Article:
“Retinol must be converted into tretinoin by your body before using it,” says Rogers. “As a general comparison, tretinoin is ten times stronger than retinol. Retinol is a great place to start when adding a vitamin A product to your skin care regimen.”

Three over-the-counter products we love:

Drunk Elephant A-Passioni Retinol Anti-Wrinkle Cream

Best of all: Drunk Elephant Anti-Wrinkle Cream A-Passioni Retinol

[$74; drunkelephant.com]

Get it

Olay Regenerist
Olay Regenerist Retinol Night Moisturizer (fragrance-free)

For sensitive skin: Olay Regenerist Retinol Night Moisturizer (fragrance-free)

[$47; olay.com]

Get it

Retinol eye cream La Roche-Posay
Retinol eye cream La Roche-Posay

For the eye area: Retinol Eye Cream La Roche-Posay

[$47; laroche-posay.us]

Get it

Prescription category products:

Tretinoin: Then, of course, tretinoin comes with a prescription. You have options ranging from 0.005 percent of tretinoin, all the way up to 0.1 percent (a little goes a long way, see). Chances are, if you choose a prescription, your document will settle somewhere in the 0.025 percent range, and maybe the 0.5 percent range for more oily ones – and it may scale for you over time. However, the higher the dose, the greater the sensitivity of the skin. (Read on for that.)

How to get started with retinol:

The key is to start low and slow, Rogers reiterates. “If you use too much, it will stimulate a lot of skin turnover resulting in skin dryness, peeling, peeling, peeling, burning sensation, and erythema (redness). You can also increase sensitivity to light (to sunlight) on first use, due to thinning of the outer layer. From the skin. ” For this reason, it is essential to wear SPF every day when using retinol. (And since this is a long-term endeavor, that simply means choosing a moisturizer packed with SPF for daytime use, until the end of time.)

Rogers adds that men with thin or dry skin will absorb more retinol than those with thick or oily skin. (Yes, it’s hard to tell if your skin is thick or thin, and no, this isn’t determined by your dosage or consistency.)

She also says it can take 72 hours before you feel any irritation. “For the first two weeks I recommend applying it twice a week, and then building from there if you tolerate it well,” she says. “Once you can use the product every night without irritation, you can consider increasing the percentage of treatment.”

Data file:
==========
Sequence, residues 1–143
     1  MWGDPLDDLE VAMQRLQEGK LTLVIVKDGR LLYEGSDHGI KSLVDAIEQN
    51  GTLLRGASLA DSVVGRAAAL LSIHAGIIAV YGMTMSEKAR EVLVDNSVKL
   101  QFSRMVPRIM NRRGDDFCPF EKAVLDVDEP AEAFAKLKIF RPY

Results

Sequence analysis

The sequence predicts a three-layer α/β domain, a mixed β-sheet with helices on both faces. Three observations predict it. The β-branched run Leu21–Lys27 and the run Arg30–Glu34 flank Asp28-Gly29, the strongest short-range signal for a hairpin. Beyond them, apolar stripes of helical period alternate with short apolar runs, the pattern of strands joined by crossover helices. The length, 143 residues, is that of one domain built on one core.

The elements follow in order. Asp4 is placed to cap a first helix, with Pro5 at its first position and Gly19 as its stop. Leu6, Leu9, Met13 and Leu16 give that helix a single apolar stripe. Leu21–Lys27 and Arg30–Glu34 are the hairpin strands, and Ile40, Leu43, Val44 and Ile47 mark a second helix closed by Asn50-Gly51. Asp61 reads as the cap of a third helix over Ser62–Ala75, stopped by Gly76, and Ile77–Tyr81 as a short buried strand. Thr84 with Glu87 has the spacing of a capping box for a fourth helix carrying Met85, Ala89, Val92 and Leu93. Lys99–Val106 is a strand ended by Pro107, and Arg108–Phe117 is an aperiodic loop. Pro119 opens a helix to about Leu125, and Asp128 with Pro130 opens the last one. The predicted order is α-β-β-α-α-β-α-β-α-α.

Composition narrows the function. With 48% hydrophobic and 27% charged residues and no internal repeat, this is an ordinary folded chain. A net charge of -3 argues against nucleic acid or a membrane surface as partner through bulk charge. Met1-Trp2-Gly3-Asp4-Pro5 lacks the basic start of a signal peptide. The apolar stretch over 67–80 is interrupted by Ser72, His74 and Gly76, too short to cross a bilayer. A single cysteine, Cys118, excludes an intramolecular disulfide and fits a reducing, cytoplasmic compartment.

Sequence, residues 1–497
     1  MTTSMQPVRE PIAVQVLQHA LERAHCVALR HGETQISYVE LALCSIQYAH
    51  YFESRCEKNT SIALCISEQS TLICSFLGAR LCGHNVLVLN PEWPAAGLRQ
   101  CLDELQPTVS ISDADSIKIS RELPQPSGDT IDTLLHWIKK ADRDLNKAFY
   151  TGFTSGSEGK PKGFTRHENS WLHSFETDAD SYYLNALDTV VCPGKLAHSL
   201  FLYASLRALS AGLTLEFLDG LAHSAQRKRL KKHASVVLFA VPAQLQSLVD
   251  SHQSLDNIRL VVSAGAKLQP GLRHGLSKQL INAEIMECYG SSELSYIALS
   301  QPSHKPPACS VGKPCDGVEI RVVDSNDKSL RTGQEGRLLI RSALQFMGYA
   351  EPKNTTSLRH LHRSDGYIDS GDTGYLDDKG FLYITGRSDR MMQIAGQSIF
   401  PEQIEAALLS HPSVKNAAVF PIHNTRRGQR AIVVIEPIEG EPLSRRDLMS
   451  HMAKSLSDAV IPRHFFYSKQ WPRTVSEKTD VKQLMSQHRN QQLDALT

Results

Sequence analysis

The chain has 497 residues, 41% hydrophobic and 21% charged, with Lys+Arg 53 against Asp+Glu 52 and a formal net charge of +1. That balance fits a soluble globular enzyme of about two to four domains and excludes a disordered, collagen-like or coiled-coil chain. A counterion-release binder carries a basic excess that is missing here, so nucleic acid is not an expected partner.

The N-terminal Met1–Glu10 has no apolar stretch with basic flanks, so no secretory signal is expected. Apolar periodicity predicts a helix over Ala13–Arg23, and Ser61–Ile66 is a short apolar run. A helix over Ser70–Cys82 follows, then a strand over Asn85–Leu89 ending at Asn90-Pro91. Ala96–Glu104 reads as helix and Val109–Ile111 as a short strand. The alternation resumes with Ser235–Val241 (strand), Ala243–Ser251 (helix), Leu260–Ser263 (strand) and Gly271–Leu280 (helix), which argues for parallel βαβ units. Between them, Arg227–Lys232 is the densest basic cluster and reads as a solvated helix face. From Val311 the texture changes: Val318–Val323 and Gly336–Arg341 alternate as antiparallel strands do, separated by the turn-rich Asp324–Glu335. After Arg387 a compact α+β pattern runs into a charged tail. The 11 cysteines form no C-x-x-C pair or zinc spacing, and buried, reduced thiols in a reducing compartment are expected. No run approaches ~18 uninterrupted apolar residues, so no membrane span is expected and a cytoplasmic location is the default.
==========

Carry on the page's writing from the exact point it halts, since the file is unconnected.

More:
When to use retinol:

It’s best to use retinol at night – and it really needs to be kept. Since it can be neutralized by exposure to the sun, and because it works hard on your skin, it is best to absorb it while you sleep and experience cellular regeneration. In the morning, you’ll rinse, clean, and apply moisturizer with SPF, as previously discussed.

When applying retinol in the evening, be sure to do it on clean, dry skin. “Apply a small amount (the size of a pea) to your face and neck (front and back),” Rogers says. You can even apply it to your chest and the back of your hands if you want to prevent all the same signs of aging out there. Regardless, always follow a retinol application with your evening moisturizer. (No SPF needed on this one; fine Night cream On your face and any hand / body moisturizer anywhere else).

When to expect results:

It will take about 90 days before you start seeing the important (and lasting) improvements made to retinol. Remember, this is a long game, and retinol is a treatment that takes time to retrain and correct your skin. You will need to keep using it as well, if you want to experience the continued benefits. (Highly recommended, and pointless to start even if you don’t intend to keep moving forward.) You may notice a slight improvement as early as four weeks after continued use, Rogers says, but major improvements take about three months. They are themselves known.


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Written by Joseph